Materials and apparatus. - Heparin samples were from commercial sources (l-4 from Syntex, Buenos Aires; 5 from Schuchardt, Miinchen; 6 from L.D.O., -Milan; 7 from Upjohn, Kalamazoo)_ Samples 2-4 were obtained by purification of sample I, using Cetavlon’. The heparin samples were extracts from beef or hog intestinal mucosa, except for 7, which was from beef lung. Samples l-6show a p.m.r. signal from N-acetyl, and can be classified as type-A heparins’3-f5. Sample 7, with only a weak IV-acetyl signal, was a type-B heparin. Approximate anticoagulant activities, indicated in Table I, were determined by the U.S.P. method. Desulphated heparin was prepared from sample 4 by treatment16 with 0.04~ HCl. Chondroitin sulphates were commercial samples (4-sulphate from Schuchardt, Miinchen, and 6-sulphate from Miles Laboratories, Elkhart, Ind.). The sulphur content of all the samples was determined by the oxidationcombustion procedures. The uranic acid content was determined by the carbazoleborate method using sodium D-glucuronate as a standardg. The loss of weight was determined by drying the samples to constant weight (-6 h) in a pistol dryer, at 66.7” (Ccl,) and 1 mmHg. Before the conductimetric analyses, each sample was dialysed for 4 h against running, distilled water, in standard dialysis tubes (CRAMI, Milan); this duration was best for eliminating common inorganic salts and acetates, without producing any significant self-hydrolysis of heparin. The dialysed solutions were carefully brought to the original pH with NaOH, before recovering them by evaporation at - 40”. The conductimetric analyses were performed either on an automatic instrument (Metrohm Model E 365 B) or on a manual instrument (Derritron Model E 3924), using a standard cell (total volume 200 ml) or a semi-micro cell (30 ml). 1.r. spectra were run on a Perkin-Elmer 337 grating instrument, and p.m.r. spectra on a Jeol-100 instrument. Direct conductimetric titration of the carboxyZ groups. - Samples (100 mg; or 5 mg using the semi-micro cell) of heparin or chondroitin (Na salt, undried) were dissolved in - 120 ml of distilled water (25 ml for semi-micro), and the solution was introduced into the conductimetric cell, adjusted to 150 ml (50 ml), and directly titrated with 0. In* HCl. The carboxyl content in the original mucopolysaccharide was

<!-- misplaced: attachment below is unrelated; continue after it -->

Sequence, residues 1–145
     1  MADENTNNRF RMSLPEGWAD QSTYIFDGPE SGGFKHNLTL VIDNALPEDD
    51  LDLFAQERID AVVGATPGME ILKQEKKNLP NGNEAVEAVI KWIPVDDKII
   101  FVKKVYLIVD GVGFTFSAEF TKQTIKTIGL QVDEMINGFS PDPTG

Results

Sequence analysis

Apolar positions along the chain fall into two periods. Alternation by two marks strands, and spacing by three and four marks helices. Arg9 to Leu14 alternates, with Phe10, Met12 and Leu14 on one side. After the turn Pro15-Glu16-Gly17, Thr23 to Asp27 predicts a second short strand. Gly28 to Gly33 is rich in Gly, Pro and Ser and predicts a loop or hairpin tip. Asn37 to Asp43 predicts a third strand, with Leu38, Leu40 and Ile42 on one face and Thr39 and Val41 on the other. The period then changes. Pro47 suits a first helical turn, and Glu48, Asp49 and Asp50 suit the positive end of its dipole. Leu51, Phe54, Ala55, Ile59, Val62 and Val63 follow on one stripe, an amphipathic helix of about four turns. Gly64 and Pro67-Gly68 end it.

determined from the amount of standard acid corresponding to the first inflexion point, and expressed on a dry basis. The results were calculated as follows: COO- % = A x4.4x lOO/w(mg), where A = ml of 0.1~ HCl corresponding to the first inflexion point; 4.4 = equivalent weight (mg) corresponding to 0.1 meq of COO-; and w(mg) = dry weight of the sample. Conductimetric titration of the sulphate and carboxyi groups in heparin and chondroitin acids. - Samples (100 mg) of heparin or chondroitin (Na salts, undried) were dissolved in - 30 ml of distilled water. The solution was passed through a column (15 x 150 mm) of Amberlite IR-120&I+) resin until the effluent was neutral. The acid form of the mucopolysaccharide was eluted with water directly into the conductimetric cell, up to a volume of 150 ml. For small samples (5 mg), volumes were reduced 6-fold, and the measurements were made in a semi-microcell. The sulphate content in the original sample was determined from the first equivalence point, evaluated by extrapolation of the first two branches of the conductance titration curve, as shown in Fig. 2. The amount of standard base required to neutralize the carboxyl groups was determined by subtracting the amount required to neutralize the sulphate groups from the amount corresponding to the second inflexion point (total acid equivalent). The sulphate-to-carboxyl molar ratio was simply determined from the ratio of the amount of base required to neutralize the sulphate to that required to neutralize the carboxyl. The results were calculated as follows: